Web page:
16 January 2003 Micro/nanotechnology for the satellite world
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Abstract
The evolution of ever-smaller microfabrication techniques, driven by market demand, has lead to multi-million transistor devices as a single piece part. Complimentary metal oxide semiconductor (CMOS) nanoelectronics will be mass-produced by the year 2004 when lateral structures smaller than 100-nm will become common. Beyond the next ten years the future is less certain, but other technologies such as nanometer-scale single electron transistors provide an idea of what may be possible in 20-to-25 years. Microelectromechanical systems (MEMS), which bring "eyes, ears, noses, and muscles" (sensing and actuation) to electronic systems, are fabricated using similar processes and will benefit from decreasing minimum feature size over time. Nanoelectronics and nanoelectromechanical systems will evolve over the next decade to provide ever-higher levels of functional density per unit area. The continuing increase in functional density will enable decreased spacecraft system size, and ultra-small spacecraft. Examples of prototype microengineered attitude determination and propulsion systems are given.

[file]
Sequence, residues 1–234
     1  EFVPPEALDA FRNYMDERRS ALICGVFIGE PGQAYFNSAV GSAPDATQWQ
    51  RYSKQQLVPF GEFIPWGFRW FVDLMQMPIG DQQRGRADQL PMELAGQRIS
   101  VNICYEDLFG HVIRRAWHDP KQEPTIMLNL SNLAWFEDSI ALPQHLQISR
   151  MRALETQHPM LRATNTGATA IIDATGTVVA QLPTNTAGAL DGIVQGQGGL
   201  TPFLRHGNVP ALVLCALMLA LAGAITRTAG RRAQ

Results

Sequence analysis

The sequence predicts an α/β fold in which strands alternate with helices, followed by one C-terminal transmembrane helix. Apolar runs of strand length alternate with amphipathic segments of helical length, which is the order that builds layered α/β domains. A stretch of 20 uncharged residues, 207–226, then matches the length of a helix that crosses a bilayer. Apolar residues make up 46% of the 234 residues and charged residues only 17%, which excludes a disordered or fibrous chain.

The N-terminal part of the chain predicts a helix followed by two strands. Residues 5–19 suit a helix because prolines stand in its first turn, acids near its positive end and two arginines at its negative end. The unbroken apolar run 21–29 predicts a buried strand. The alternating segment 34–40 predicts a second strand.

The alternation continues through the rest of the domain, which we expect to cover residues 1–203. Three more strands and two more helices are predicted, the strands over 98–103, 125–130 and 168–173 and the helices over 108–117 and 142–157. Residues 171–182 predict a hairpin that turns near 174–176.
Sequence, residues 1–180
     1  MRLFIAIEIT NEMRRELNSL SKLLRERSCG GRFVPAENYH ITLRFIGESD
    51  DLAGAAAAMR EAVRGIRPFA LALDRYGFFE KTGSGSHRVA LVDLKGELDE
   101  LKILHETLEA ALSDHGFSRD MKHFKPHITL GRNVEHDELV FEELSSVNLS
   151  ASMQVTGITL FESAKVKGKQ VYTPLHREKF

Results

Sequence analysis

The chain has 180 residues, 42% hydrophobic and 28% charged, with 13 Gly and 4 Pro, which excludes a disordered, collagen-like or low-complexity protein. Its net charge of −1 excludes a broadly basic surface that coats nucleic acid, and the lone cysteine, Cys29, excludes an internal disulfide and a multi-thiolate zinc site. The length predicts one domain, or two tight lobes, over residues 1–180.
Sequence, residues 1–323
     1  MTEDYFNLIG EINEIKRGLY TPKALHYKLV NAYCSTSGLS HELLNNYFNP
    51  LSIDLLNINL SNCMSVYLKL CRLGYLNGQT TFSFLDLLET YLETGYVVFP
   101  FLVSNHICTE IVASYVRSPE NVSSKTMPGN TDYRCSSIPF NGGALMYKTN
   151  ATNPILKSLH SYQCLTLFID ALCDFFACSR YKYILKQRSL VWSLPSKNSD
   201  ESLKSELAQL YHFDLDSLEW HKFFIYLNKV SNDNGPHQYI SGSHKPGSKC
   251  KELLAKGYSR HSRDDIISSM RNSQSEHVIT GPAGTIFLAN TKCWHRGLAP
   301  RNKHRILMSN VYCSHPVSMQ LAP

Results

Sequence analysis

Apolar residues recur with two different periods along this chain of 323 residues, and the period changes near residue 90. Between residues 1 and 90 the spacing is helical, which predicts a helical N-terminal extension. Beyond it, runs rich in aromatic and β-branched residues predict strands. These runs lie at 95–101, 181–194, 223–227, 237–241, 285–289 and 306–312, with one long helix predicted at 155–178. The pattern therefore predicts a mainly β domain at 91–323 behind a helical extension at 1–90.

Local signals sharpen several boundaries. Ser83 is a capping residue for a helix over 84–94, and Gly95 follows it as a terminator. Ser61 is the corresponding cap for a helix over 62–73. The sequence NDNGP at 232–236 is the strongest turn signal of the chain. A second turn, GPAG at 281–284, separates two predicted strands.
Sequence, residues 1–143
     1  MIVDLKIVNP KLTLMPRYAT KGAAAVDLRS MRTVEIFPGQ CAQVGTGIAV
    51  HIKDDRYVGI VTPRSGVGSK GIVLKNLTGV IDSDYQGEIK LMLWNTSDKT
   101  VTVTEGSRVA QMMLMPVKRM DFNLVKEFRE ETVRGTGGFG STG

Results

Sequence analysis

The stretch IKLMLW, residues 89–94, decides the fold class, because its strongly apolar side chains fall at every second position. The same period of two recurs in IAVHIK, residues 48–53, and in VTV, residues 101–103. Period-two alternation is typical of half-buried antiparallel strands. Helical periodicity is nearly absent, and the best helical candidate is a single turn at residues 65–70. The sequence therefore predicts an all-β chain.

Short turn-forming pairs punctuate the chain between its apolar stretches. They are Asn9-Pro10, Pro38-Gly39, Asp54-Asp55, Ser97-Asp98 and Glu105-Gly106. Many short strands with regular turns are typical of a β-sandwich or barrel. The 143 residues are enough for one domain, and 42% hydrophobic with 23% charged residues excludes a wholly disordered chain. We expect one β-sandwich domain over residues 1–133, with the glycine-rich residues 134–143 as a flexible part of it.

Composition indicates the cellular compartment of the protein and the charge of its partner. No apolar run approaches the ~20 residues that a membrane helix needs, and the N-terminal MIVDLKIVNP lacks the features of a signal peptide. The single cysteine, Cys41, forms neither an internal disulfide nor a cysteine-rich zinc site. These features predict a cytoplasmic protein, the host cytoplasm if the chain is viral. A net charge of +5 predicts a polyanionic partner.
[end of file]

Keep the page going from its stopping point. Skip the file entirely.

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Siegfried W. Janson, Siegfried W. Janson, } "Micro/nanotechnology for the satellite world", Proc. SPIE 4981, MEMS Components and Applications for Industry, Automobiles, Aerospace, and Communication II, (16 January 2003); doi: 10.1117/12.476315; https://doi.org/10.1117/12.476315
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